In the News: May 23–May 30
Youth Behavioral Health Cases Doubled in the Last Decade
A recent Modern Healthcare article details how behavioral health diagnoses have drastically increased over the past decade, particularly youth cases with mental health and substance abuse issues. According to an analysis of 28 billion private health insurance claims, behavioral health cases rose 108% from 2007 to 2017, doubling from 1.3% to 2.7% of all medical claim lines. A disproportionate majority of these claims came from those aged 22 or younger, with the most common diagnosis being major depressive disorder. Generalized anxiety disorders, adjustment disorders, eating disorders and substance abuse also trended in the same direction.
EDs have seen a steady utilization increase for pediatric behavioral health. Treating behavioral health issues at early stages is often far less expensive, driving health systems continue to build out their behavioral health capacity, specifically for younger ages. The Mental Health Parity Act has helped these efforts, as it requires reimbursement standards for mental health and substance abuse treatments to be on par with its coverage for medical and surgical treatment.
Access to pediatric behavioral health services continues to be a challenge across the US, with rising incidence and patient complexity coupled with workforce shortages impacting service availability. To learn more about the changing pediatric behavioral health population and the services necessary to meet the demands of this growing market, watch the Sg2 on-demand webinar Pediatrics Update 2017: Deeper Dive into Pediatric Behavioral Health.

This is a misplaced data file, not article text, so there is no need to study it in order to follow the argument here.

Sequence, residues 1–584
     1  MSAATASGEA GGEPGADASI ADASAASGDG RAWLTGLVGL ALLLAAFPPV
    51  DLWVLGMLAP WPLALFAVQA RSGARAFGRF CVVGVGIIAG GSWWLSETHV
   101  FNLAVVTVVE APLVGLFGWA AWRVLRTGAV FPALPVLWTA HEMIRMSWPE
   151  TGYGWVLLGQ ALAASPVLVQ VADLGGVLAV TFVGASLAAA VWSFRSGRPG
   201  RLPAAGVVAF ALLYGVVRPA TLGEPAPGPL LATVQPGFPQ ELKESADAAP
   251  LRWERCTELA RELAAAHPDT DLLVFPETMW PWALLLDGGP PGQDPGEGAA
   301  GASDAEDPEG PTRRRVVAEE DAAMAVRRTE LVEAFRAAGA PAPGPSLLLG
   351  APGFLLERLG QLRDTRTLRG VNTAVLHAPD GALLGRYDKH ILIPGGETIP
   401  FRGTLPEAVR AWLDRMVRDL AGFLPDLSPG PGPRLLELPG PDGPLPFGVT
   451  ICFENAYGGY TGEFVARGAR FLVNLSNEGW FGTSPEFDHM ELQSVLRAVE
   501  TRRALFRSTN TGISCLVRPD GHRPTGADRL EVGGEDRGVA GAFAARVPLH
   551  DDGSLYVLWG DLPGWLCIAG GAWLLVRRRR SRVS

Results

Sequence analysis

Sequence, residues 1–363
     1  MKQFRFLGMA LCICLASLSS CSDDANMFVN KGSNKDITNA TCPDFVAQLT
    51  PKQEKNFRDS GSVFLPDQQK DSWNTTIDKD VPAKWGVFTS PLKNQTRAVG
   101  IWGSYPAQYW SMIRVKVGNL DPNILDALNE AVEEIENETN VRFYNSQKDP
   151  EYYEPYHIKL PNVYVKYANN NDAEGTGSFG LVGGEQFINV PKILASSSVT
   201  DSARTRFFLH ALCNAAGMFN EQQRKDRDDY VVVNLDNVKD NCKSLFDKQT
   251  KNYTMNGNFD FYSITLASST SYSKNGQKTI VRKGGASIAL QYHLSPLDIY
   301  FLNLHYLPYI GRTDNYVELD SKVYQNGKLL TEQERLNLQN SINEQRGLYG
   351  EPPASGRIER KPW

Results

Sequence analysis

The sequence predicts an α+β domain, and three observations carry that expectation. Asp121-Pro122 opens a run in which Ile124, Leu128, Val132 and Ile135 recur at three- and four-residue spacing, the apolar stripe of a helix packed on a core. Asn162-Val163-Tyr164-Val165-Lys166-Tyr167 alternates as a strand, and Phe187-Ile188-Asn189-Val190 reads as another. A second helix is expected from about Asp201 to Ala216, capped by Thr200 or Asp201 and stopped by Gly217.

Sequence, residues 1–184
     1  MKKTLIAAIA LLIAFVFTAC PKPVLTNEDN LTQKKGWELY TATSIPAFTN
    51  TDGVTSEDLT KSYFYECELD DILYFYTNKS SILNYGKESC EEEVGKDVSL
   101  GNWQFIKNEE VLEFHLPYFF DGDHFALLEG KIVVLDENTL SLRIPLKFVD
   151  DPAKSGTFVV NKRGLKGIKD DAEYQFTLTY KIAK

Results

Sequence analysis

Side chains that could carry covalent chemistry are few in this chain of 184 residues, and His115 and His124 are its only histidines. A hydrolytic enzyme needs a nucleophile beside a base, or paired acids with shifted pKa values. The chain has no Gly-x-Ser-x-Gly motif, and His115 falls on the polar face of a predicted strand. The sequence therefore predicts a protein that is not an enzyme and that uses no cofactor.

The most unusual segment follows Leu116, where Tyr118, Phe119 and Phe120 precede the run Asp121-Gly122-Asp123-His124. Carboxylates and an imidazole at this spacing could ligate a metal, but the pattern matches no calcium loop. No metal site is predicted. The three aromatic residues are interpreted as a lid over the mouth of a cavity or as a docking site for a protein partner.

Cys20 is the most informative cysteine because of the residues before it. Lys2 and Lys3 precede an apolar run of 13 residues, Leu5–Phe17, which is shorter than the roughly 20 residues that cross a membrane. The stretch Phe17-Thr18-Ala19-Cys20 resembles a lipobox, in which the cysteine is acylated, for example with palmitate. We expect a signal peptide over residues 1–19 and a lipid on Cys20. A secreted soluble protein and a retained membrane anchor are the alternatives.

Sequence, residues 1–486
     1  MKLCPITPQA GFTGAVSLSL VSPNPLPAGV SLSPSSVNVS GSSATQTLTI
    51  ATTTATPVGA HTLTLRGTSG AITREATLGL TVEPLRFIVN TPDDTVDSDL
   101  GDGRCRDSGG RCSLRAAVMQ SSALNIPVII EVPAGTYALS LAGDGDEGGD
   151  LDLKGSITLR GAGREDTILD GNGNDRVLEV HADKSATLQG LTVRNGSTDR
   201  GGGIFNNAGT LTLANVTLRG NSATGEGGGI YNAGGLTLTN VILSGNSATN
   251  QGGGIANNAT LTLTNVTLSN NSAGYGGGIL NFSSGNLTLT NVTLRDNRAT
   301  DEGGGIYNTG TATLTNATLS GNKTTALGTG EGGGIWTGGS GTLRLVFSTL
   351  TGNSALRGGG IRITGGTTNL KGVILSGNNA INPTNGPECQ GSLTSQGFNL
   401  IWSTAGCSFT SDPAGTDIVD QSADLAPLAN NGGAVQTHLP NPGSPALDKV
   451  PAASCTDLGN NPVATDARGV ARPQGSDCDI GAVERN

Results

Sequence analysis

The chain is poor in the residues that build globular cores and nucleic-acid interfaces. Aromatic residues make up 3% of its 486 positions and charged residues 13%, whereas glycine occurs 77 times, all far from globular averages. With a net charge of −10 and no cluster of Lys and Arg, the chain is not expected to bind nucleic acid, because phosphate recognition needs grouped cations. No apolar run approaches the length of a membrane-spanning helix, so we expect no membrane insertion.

OIG Finds Separate EHRs Hinder ACO Care Coordination
A new Modern Healthcare article discusses the Health and Human Services Office of Inspector General (OIG) report on the adoption of health IT. Research teams from the OIG interviewed 6 accountable care organizations (ACOs) to better understand how they were using health IT tools to coordinate patient care.
Findings revealed that despite investing millions of dollars in EHRs, providers often struggle to exchange patient data with colleagues in and outside of their network. The most efficient transfer of information occurred when ACO network members used the same EHR system. Often, ACOs with multiple EHR systems rely on third-party health IT tools or exchange information via telephone, email and fax. In April of this year, the Office of the National Coordinator for Health Information Technology drafted the Trusted Exchange Framework and Common Agreement, which will promote nationwide interoperability and set federally recognized data-sharing standards.
As hospitals across the country continue to invest in health IT services, a critical prerequisite will be a clear digital strategy. Health systems must work to ensure that their adoption of EHR and third-party IT tools are fully integrated across sites of care and meet consumer needs. To learn more about strategic considerations for deploying health care technology, please review the Sg2 case study EHR Primes Path to Consumer-Friendly Care.